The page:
Do have big dreams? Do you daydream more than you take action? Do you constantly lose focus and struggle to get back on track? Then you need to consider a few things about yourself first if you wish to change start taking action and stop drifting around.
The time I spent in grad school was one of the most exciting periods of my life. It was also one of the most dangerous.
Once a week, I would drive about 100 miles to the seminary where I was taking courses. The drive to the seminary in the early morning was fine, but the drive back at night was a killer. After sitting in class all day, I would get extremely drowsy and sometimes start drifting off the side of the road.
Drifting is dangerous, whether it’s happening in a car or in your creative life.
There are several reasons we start to drift: being too busy, feeling overwhelmed, not having clarity in your life, or just plain being tired.
Whatever the reasons, the end result of drifting is the same: we lose focus and start heading toward the danger zone of confusion and frustration.
So how can we stop drifting and get back on track?
Instead of offering “one size fits all” solutions, I want to offer four great questions can help us think about critical issues and clarify our direction. They are designed to spur your thinking about your overall direction in life, as well as a more specific direction for your creative work.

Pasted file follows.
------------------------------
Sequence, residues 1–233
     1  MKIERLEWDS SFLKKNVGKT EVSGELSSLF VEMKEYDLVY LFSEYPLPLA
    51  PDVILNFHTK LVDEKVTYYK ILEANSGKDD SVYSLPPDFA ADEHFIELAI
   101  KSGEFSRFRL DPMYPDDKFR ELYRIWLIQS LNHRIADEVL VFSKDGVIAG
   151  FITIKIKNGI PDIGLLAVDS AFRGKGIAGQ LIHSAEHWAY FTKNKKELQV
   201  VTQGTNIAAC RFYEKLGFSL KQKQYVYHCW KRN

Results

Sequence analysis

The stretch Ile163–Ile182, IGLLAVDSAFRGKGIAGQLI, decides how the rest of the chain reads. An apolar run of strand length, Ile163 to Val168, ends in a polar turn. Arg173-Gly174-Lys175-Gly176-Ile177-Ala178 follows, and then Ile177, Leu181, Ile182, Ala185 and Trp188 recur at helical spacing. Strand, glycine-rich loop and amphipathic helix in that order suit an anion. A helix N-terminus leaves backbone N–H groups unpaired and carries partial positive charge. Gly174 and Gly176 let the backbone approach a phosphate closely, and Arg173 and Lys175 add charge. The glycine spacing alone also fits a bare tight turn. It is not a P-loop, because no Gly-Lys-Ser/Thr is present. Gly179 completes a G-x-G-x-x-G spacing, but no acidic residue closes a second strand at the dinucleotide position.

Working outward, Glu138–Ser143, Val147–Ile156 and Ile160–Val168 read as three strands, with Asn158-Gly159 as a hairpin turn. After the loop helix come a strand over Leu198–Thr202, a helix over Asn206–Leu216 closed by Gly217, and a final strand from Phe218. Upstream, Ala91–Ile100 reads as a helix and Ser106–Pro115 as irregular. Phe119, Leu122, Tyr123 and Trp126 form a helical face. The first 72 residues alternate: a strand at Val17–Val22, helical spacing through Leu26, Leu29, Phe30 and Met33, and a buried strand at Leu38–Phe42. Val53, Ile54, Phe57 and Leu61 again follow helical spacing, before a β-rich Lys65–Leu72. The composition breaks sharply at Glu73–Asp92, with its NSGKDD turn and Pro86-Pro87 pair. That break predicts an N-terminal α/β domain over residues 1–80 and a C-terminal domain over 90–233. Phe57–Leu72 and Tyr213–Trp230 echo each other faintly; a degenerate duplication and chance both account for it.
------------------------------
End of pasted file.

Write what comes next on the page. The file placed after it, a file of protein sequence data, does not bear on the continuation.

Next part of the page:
4 Questions To Help You Stop Drifting and Get Back In Track
1. The question of identity: WHO AM I?
The familiar phrase “Know thyself” is attributed to Socrates (but actually predates him). Regardless of who said it first, it is a piece of wisdom every artist should follow. If you don’t know who you truly are, you won’t carve out your unique place in the universe and make the art only you can make.
If you don’t know who you truly are, you won’t carve out your unique place in the universe.
When I speak of knowing yourself, I’m specifically talking about three items: your personality, your skills, and your spiritual gifts. When you know how you’re wired and what your skills are (and aren’t), it frees you up to truly be yourself. It also releases you from the obligation of trying to be someone you’re not.
This is why I’m a big advocate of personality and spiritual gift inventories. It’s much better to work with your personality and gifting than against it.
2. The question of purpose: WHY AM I HERE?
This question deals with your purpose and calling.
When you dive into the issue of “Why am I here?” things can get existential pretty quickly. But I like to keep things practical, so here I’m referring to your creative purpose (the ultimate aim of what you want to accomplish), as well as your spiritual creative calling (what God is calling you to do vocationally). There is definitely some overlap between these areas, but they are separate enough to warrant their own categories.